Most Patients with Appendicitis Don’t Need Surgery, Just Antibiotics



Almost 300,000 Americans undergo an appendectomy each year. But a new study advises some of these people don’t even need surgery. Instead, an antibiotic treatment could safely cure their condition, researchers reported.

The study examined data from over 250 adults in Finland having appendicitis, or inflammation of the appendix that were treated with antibiotics. The group was compared with another 270 adults who had surgery for appendicitis. All of the participants were monitored within five years.

When the study was completed, about two-thirds of people who took antibiotics (64 percent) were considered “successfully treated,” meaning they haven’t experienced another attack of appendicitis. The other 36 percent eventually needed to go under the knife.

Published in the journal JAMA on Sept. 25, the study found none of the subjects suffered any harmful consequence from the delay.

Patients who received antibiotics had minimal rates of complications than those who had surgery; and people in the antibiotic group had lesser days off from work, 11 days on average than the surgery group.

The results show that antibiotics compared to surgery is a “feasible, viable and a safe option,” for patients, Dr. Paulina Salminen, a surgeon at Turku University Hospital, Finland informed CBS News.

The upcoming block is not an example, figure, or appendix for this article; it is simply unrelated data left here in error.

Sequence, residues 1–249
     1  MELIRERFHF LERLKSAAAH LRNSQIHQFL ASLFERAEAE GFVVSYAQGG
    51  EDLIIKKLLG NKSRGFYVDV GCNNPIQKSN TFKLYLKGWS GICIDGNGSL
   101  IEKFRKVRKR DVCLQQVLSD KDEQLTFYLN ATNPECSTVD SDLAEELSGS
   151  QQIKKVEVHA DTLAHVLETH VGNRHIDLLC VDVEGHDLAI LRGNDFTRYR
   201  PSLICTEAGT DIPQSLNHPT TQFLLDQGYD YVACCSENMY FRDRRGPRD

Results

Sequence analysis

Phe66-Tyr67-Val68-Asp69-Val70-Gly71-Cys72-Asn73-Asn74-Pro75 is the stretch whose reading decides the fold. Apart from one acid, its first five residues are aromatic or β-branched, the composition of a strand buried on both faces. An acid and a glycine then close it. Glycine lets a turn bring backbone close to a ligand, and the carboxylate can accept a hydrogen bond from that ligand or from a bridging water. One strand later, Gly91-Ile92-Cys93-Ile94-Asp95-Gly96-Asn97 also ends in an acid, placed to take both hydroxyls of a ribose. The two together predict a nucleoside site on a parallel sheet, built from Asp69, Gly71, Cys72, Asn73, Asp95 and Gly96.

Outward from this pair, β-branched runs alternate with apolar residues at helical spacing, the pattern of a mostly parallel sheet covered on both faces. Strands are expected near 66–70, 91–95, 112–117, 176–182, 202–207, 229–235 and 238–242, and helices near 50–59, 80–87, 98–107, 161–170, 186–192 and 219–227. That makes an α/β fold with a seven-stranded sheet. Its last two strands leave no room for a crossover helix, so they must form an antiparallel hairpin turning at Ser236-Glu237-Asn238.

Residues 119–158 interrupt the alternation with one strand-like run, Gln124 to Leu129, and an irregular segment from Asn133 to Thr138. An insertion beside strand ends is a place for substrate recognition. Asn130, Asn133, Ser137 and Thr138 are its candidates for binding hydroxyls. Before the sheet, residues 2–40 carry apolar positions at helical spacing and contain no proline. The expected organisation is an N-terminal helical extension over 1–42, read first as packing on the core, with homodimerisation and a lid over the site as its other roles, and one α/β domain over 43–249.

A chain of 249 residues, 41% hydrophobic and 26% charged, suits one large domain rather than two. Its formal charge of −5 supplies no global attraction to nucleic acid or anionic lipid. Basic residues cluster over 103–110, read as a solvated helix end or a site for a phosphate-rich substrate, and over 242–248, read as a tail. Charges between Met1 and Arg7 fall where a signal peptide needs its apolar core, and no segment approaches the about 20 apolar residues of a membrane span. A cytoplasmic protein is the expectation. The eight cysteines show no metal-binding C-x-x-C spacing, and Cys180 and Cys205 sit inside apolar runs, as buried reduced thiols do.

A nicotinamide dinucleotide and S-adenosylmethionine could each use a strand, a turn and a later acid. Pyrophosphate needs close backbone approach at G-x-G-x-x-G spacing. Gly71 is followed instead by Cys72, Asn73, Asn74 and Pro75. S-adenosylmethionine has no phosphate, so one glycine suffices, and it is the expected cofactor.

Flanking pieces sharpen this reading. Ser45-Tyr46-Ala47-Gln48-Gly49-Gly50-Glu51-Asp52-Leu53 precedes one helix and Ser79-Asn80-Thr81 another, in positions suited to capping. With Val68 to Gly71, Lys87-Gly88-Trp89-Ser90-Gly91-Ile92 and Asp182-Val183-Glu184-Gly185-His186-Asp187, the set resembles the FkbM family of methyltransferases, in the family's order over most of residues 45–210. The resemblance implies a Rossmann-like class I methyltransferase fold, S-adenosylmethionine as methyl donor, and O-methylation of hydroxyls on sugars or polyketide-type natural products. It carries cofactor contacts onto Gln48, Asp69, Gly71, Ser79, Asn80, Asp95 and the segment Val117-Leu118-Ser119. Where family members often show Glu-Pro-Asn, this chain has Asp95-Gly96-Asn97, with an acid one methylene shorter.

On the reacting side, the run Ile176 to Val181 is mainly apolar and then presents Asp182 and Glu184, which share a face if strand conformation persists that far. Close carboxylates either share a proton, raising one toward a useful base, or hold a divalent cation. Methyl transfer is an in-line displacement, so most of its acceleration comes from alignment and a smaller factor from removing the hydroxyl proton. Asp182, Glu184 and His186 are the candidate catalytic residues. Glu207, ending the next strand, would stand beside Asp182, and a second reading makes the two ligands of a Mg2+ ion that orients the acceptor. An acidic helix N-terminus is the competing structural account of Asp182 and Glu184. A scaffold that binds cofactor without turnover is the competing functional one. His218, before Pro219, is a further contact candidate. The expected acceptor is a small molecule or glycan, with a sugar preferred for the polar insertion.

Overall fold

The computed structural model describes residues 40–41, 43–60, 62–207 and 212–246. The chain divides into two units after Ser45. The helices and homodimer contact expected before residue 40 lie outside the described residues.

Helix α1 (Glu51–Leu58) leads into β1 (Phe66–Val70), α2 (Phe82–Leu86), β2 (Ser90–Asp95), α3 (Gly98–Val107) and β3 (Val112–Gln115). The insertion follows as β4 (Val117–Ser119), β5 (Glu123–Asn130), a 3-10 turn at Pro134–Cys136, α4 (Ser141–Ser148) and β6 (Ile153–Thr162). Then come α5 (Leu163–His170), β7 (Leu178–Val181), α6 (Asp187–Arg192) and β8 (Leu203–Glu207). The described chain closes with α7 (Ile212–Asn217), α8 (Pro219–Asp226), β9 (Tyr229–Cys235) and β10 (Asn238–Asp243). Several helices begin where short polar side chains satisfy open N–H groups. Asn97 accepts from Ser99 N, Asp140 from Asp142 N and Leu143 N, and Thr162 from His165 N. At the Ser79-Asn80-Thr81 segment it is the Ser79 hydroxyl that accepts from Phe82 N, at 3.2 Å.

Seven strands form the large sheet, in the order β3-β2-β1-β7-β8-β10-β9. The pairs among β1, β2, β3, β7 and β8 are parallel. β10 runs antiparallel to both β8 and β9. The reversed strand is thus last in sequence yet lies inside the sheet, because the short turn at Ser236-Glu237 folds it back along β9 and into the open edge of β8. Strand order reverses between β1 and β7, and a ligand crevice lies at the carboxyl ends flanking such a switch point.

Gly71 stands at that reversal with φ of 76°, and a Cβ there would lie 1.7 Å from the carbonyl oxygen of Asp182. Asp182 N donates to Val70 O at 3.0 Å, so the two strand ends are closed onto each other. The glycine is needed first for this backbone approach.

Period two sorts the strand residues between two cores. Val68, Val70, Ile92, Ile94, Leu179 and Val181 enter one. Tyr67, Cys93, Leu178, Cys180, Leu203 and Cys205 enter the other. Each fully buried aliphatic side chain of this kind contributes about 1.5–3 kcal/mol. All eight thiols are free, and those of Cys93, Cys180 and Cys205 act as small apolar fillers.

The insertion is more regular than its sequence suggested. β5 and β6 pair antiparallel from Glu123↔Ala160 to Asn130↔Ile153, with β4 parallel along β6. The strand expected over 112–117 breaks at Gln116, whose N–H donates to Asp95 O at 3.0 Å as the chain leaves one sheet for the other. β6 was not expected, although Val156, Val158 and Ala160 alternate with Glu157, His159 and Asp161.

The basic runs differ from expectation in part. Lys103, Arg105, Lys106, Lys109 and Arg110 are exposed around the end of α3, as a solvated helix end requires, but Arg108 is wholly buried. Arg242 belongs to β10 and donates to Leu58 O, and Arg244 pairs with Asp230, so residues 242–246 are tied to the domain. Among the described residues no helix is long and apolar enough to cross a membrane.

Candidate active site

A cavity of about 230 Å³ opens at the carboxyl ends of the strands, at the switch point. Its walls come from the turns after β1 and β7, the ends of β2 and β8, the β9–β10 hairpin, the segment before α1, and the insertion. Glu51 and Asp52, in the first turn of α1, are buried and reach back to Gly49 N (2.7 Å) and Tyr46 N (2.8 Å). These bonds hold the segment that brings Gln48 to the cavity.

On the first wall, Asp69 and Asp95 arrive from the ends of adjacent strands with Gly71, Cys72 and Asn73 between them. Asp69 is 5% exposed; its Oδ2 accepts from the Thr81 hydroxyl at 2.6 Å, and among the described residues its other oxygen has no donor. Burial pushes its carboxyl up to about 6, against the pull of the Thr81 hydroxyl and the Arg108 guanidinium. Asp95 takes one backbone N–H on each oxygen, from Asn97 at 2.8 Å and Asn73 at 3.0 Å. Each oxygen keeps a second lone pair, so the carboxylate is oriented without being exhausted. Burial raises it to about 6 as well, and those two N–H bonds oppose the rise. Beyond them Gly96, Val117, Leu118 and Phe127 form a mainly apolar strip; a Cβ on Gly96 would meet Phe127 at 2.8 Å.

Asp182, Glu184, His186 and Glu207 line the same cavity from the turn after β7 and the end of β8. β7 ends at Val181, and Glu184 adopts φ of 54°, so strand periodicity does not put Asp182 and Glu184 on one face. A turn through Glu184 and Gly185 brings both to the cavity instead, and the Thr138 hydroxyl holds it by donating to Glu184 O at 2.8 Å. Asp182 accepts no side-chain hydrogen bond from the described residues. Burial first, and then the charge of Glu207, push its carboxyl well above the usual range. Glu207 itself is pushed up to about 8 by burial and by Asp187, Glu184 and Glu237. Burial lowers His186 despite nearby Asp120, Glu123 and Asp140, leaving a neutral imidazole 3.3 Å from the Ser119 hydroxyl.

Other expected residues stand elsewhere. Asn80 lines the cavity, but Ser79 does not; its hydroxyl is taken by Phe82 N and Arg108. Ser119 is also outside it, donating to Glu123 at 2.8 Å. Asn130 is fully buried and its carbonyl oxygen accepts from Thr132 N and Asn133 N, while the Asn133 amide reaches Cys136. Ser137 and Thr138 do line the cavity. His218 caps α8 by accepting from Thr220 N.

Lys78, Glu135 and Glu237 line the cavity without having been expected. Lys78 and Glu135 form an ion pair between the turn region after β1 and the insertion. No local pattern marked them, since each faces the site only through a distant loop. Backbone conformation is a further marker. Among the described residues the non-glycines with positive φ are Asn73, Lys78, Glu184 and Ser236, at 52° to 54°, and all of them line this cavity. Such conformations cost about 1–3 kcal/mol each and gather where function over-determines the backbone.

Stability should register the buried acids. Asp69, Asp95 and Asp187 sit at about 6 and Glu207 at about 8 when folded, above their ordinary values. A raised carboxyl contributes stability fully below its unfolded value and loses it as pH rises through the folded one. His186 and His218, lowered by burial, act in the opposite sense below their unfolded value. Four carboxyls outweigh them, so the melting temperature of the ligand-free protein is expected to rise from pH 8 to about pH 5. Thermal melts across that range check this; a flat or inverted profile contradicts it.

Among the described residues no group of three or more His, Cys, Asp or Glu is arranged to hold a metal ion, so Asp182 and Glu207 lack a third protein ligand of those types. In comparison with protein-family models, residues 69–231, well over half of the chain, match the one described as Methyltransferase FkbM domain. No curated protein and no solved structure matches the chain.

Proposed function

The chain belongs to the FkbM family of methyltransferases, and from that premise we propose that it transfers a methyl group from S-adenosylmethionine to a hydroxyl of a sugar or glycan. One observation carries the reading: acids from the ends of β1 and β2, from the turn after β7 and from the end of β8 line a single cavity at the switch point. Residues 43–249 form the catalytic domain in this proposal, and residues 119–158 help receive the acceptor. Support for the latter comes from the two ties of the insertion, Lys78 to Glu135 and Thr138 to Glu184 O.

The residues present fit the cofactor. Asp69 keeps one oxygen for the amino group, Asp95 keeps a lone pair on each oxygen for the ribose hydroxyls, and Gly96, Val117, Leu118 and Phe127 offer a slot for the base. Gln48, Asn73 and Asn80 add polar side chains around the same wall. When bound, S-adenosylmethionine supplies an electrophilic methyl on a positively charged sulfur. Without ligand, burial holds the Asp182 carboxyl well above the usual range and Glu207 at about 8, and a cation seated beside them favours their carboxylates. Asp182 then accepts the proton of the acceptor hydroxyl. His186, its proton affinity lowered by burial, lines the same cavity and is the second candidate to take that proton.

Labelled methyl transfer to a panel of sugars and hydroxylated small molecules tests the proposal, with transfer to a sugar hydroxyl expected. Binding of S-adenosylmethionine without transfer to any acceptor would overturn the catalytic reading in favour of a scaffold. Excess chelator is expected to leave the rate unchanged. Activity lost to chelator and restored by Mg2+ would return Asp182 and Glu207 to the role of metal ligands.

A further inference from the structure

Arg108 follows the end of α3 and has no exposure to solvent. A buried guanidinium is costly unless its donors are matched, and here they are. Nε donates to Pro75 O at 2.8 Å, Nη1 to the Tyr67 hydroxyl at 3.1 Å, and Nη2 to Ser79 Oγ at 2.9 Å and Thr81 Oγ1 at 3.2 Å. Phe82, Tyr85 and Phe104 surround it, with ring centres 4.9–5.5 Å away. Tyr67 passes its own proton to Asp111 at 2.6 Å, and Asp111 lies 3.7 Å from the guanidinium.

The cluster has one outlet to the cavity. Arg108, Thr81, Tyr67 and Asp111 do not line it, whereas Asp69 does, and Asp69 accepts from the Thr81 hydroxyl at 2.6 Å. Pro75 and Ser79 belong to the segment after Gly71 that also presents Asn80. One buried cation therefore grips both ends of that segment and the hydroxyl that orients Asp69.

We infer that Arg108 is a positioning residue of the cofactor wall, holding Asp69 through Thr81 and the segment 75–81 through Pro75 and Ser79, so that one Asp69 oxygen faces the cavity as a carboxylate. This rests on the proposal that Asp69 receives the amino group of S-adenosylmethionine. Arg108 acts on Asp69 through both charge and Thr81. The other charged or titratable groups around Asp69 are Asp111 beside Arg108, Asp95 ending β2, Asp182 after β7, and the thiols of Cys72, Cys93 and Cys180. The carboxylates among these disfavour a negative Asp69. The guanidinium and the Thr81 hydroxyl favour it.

The use of antibiotics to treat appendicitis has already been suggested by several previous studies, however, these studies did not monitor patients long after their antibiotic treatment. The new study, on the other hand, observed patients for five years.

The researchers pointed out that all patients in the study had uncomplicated appendicitis—meaning their appendix had not burst. To verify that, the subjects went through a CT scan. Patients whose appendix had burst need an urgent operation.

The findings “dispel the notion that uncomplicated acute appendicitis is a surgical emergency,” Dr. Edward Livingston, deputy editor of JAMA, shared.

Livingston said that patients should be offered an option—they should know that antibiotic treatment has a high chance of success, given that their appendicitis is not complicated.

The editor concluded that these patients can also undergo appendectomy “if they do not want to worry about the chance” of the appendix getting inflamed again.

Source: Live Science

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